PostDoc at the German Centre for Integrative Biodiversity Research (iDiv) in the group of Nicole van Dam.
April 2013 – December 2014
PostDoc at the Joint Research Centre of the European Commission, Institute for Reference
Materials and Measurements in Geel, Belgium, working on the authentication of olive oils and wines by means of HPLC-MS and GC-MS combined with metabolomics.
June 2012 – March 2013
PostDoc in the Group of Phyllis Coley and Thomas Kursar at the Biology Department of the University of Utah, working on deciphering the chemical diversity of the tropical tree genus Inga by means of UPLC-qToFMS.
2008 - 2012
PhD student/ Dissertation at the Max Planck Institute for Chemical Ecology in the group of Prof. Dr. Ian T. Baldwin on the topic “Understanding the role of trichomes in plant-herbivore interactions”.
2007 - 2008
Diploma/Master thesis at the Max Planck Institute for Chemical Ecology in the group of Prof. Dr. Ian T. Baldwin on "Multivariate analysis of volatile emissions from wild tobacco Nicotiana attenuata using GCxGC-ToFMS" co-supervised by Professors Dr. Ian T. Baldwin and Dr. Georg Pohnert (Institute of Analytical Chemistry, Friedrich Schiller University Jena).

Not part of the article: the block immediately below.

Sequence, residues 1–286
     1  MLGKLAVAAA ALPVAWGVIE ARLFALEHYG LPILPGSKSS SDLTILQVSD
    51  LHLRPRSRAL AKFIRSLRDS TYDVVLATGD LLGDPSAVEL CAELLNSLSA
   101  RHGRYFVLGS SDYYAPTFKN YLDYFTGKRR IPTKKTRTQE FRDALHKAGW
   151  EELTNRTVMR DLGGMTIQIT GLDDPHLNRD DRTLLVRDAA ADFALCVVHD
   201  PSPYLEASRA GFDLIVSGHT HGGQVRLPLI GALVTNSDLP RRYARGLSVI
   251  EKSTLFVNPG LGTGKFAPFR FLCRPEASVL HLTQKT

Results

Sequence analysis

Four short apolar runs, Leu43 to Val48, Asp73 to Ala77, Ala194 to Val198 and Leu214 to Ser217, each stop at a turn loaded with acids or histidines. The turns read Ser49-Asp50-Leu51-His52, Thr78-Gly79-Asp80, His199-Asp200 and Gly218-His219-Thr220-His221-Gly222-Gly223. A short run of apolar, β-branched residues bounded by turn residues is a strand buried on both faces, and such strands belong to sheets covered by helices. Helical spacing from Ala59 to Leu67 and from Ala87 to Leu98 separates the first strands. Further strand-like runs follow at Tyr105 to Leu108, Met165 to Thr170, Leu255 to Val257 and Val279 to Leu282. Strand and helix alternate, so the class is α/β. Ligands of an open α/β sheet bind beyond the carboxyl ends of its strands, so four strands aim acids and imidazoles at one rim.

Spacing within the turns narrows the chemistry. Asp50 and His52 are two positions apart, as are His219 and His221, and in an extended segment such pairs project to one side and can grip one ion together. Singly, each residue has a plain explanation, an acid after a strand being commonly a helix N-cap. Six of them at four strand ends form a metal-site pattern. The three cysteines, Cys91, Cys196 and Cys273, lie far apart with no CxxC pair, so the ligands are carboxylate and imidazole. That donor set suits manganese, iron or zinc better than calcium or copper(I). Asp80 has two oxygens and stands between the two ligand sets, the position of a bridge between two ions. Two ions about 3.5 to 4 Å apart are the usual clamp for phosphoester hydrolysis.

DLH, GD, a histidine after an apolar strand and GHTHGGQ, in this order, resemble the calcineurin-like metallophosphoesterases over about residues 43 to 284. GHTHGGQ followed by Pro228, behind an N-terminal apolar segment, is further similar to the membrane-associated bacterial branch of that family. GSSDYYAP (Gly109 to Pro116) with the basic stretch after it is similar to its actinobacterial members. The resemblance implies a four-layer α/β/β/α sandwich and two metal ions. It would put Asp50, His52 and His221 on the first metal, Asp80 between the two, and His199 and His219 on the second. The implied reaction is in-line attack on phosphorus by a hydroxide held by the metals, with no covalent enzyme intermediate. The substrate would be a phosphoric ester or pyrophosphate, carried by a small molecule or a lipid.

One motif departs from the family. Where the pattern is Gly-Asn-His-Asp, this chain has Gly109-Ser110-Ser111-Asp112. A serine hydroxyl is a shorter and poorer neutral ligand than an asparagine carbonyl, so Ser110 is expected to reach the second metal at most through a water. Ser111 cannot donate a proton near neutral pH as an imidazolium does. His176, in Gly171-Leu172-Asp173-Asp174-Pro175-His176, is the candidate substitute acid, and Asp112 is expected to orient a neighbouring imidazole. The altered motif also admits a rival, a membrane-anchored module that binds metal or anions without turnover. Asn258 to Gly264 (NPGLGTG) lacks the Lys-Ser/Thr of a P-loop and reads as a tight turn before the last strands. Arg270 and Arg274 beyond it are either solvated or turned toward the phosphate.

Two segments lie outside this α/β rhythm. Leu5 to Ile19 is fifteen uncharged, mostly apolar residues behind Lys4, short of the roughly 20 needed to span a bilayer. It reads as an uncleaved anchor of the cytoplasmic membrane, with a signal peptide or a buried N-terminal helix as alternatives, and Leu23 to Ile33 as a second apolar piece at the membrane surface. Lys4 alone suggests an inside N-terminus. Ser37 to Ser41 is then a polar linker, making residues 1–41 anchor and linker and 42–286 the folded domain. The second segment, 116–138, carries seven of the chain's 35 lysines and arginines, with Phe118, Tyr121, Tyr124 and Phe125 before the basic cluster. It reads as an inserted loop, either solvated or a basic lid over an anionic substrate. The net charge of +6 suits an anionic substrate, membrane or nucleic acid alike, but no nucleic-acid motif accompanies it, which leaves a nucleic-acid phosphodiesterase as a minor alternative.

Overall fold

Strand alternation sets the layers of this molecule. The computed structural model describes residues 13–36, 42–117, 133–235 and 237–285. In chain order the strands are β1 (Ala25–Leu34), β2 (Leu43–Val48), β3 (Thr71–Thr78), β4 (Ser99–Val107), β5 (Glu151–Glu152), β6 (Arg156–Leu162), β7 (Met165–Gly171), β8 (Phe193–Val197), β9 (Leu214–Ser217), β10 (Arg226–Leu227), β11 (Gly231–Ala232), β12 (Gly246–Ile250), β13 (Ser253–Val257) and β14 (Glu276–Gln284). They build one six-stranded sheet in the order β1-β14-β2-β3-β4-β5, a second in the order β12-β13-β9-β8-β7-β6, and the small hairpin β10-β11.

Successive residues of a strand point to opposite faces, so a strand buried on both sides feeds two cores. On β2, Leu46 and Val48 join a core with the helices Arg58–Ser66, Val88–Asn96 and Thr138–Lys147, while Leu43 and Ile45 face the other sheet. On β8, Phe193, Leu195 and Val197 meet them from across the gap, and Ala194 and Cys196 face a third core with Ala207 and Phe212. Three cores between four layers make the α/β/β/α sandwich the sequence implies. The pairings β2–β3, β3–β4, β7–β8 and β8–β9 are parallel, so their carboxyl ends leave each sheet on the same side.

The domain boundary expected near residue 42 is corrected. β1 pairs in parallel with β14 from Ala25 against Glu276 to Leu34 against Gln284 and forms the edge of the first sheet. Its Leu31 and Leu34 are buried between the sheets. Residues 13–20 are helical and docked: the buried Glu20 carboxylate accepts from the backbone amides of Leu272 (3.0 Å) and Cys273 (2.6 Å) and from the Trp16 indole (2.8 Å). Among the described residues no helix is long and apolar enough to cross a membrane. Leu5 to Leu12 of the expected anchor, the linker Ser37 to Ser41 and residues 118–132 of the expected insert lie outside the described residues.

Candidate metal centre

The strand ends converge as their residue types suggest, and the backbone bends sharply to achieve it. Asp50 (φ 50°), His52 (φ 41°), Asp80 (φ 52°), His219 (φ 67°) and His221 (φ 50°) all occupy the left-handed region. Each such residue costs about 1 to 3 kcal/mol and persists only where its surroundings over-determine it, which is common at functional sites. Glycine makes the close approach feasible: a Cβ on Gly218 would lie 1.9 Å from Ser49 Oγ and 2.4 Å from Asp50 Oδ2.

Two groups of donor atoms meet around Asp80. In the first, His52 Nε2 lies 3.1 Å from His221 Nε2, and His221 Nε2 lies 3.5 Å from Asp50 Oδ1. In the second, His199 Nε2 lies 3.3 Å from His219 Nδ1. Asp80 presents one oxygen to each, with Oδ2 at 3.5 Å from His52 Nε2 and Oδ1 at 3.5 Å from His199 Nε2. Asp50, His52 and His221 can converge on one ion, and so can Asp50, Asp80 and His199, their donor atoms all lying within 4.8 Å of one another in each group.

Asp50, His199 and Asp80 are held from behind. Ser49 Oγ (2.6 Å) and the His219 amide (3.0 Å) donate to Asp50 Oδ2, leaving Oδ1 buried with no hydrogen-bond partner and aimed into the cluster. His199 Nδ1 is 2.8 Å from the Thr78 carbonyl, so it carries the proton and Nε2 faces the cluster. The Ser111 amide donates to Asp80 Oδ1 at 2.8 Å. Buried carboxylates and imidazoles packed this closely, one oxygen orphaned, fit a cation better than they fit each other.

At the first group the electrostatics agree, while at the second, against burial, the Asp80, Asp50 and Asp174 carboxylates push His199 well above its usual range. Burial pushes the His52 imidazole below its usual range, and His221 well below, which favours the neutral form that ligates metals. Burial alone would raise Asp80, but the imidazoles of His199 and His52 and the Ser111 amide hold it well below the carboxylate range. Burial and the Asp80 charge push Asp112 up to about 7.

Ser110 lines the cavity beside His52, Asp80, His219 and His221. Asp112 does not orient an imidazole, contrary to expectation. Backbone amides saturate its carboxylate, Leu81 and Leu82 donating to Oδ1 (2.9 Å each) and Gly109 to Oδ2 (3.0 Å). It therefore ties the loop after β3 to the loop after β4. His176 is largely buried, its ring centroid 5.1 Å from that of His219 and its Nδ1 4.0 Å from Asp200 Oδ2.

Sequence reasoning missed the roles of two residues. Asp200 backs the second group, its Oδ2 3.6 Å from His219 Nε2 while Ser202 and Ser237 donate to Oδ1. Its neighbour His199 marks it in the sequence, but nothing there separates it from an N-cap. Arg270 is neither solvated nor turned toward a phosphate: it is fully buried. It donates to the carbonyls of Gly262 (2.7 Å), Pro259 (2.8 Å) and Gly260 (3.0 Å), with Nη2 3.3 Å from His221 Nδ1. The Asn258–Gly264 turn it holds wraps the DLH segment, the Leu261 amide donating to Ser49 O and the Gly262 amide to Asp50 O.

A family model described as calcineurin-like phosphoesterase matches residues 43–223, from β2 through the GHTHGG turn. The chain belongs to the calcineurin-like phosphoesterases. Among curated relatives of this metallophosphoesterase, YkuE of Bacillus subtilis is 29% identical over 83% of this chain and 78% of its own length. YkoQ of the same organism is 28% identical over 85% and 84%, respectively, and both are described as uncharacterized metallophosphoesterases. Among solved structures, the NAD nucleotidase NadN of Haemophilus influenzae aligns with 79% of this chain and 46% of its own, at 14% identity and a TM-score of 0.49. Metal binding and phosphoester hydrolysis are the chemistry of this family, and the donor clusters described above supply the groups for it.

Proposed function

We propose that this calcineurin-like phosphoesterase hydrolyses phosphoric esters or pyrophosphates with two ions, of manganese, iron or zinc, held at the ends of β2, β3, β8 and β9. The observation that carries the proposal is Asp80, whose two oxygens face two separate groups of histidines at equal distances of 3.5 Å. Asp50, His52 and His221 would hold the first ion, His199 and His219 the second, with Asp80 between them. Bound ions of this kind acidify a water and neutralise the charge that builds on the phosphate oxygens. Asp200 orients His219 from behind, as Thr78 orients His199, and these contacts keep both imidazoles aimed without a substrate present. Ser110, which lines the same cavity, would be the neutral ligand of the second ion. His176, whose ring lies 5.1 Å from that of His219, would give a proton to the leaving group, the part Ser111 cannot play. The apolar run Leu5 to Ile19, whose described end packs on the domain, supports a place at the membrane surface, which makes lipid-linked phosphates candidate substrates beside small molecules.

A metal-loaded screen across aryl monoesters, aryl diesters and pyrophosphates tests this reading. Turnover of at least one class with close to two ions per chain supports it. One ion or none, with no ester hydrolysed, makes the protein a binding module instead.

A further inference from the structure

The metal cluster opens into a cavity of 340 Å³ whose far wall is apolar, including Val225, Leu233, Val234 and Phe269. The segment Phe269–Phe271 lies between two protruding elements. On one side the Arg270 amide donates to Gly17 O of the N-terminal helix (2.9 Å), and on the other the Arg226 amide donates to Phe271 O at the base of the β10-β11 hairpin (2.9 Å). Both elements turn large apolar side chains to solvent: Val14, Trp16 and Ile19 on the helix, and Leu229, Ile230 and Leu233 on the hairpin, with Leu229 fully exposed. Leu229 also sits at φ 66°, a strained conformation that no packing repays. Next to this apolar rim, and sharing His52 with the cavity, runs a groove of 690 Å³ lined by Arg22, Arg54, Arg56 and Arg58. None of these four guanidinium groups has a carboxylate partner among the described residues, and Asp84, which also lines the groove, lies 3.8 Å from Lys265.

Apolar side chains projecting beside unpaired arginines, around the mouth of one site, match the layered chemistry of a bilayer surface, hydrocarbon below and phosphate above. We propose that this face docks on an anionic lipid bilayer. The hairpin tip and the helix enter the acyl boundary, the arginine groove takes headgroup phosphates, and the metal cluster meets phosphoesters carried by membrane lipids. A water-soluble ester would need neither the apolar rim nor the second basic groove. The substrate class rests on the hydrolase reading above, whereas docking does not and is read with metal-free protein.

Endara, M.-J., Weinhold, A., Cox, J. E., Wiggins, N. L., Coley, P. D., Kursar, T. A. (2015), Divergent evolution in antiherbivore defences within species complexes at a single Amazonian site. Journal of Ecology, 103: 1107–1118. doi: 10.1111/1365-2745.12431
Weinhold, A.; Baldwin, I. T. (2011). Trichome-derived O-acyl sugars are a first meal for caterpillars that tags them for predation. Proceedings of the National Academy of Sciences of the United States of America, 108(19), 7855-7859. doi:10.1073/pnas.1101306108
Stork, W. F. J.; Weinhold, A.; Baldwin, I.T. (2011). Trichomes as dangerous lollipops: do lizards also use caterpillar body and frass odor to optimize their foraging? Plant Signaling & Behavior, Volume 6 Issue 12 1893-1896 doi:10.4161/psb.6.12.18028